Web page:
There are many reasons why you might need to say “no” while planning a funeral. Maybe intrusive family members are making it difficult for you to plan the small, intimate memorial service the deceased asked for. Perhaps you’re feeling pressured to buy larger and more elaborate caskets from the funeral home. It’s possible that you might even need to go against the advice of others to forgo a military funeral or close the funeral to the public.
Whatever the reason, it’s important for you to remember that you have every right to plan this funeral your way. There is no feasible way to make everyone happy with the outcome of a funeral, as this is a time when emotions are running high and grief can put a strain on even the strongest relationships. Your best bet is to act in accordance (first) with the wishes of the deceased, and (second) according to your own discretion.
Dealing with Family Members and Friends
A funeral brings both the best and the worst out of people. You’ll find that many loved ones are willing to come to your aid without a moment’s hesitation, while others might voice strong opinions that conflict with the wishes of the deceased.
In both of these types of situations, it may be necessary to decline assistance and advice. Planning a funeral is one of those times when too many cooks can spoil the broth , and having just a few trusted relatives on hand will make things go smoother than having too many. Here’s how to keep the numbers low:
- Let someone else say no for you. If you aren’t feeling up to the task of declining offers of assistance or advice, ask someone you trust to do it in your stead. This is one time it’s completely okay to pass the buck.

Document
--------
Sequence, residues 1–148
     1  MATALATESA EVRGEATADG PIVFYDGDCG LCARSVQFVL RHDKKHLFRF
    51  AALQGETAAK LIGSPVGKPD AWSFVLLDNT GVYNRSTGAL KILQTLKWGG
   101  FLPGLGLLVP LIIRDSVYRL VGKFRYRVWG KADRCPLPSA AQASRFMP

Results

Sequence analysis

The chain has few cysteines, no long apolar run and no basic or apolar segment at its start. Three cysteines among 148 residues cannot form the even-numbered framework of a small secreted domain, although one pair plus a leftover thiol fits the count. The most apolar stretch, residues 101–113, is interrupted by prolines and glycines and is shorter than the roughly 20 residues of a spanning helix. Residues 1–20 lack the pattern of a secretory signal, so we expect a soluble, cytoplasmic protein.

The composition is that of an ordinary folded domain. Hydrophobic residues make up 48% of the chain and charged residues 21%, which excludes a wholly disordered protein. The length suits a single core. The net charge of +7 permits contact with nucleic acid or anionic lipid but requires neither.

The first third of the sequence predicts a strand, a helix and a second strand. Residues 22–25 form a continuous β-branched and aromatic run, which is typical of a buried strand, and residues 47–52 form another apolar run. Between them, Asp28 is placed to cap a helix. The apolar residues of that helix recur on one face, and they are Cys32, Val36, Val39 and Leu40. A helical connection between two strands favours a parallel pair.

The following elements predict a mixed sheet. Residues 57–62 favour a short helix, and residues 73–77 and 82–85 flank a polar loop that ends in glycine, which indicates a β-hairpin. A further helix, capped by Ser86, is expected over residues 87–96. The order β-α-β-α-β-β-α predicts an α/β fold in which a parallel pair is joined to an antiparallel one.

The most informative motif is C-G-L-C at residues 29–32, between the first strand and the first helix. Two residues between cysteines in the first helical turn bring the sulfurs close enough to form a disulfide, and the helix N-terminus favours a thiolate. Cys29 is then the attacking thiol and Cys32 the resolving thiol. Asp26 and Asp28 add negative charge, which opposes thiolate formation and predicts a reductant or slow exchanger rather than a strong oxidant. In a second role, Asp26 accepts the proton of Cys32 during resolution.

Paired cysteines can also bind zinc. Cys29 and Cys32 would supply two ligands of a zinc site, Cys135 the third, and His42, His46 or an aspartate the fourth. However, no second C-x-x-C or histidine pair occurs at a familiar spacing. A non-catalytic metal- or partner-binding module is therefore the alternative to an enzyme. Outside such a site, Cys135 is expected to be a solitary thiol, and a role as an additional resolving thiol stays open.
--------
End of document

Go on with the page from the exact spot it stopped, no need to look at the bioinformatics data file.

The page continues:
- Be firm but polite. If you prefer to deal with people on your own, be upfront about your wishes. Explain that you have been chosen to act on behalf of the deceased, and that you will do your best to honor what he or she would have wanted.
- Ask the funeral home to step in. Funeral directors exist for a reason—and that’s to make your funeral planning process go as smoothly as possible. If a family member is overstepping his or her bounds, the funeral home may be able to act as gatekeeper.
- Give them something to do. Most of the time, those who get in the way of funeral planning are doing it with good intentions. Feeling ineffective can be hard in times like these. By offering them a task—even if it’s as simple as coordinating food for the memorial service or making a list of those who sent flowers and sympathy cards—can make a big difference to that individual.
Dealing with Funeral Service Providers
You might also find that it’s necessary to turn down funeral service providers. Funeral homes are businesses just like any other, and a large part of their business comes from the money you pay for caskets, body preparation, and the funeral itself.
However, you are not obligated to pay for any service or upgrade you don’t want. The Funeral Rule clearly states that funeral homes are required to be upfront about price lists and about what items are legally required versus those that are not.
And while you might feel pressured to make decisions or choose upgrades you don’t want, saying no to a funeral home shouldn’t result in lowered customer service. If you feel at all discriminated against, know that you do have rights when it comes to planning a funeral, and that even with a pre-plan package, you may be able to transfer to a different funeral home or provider.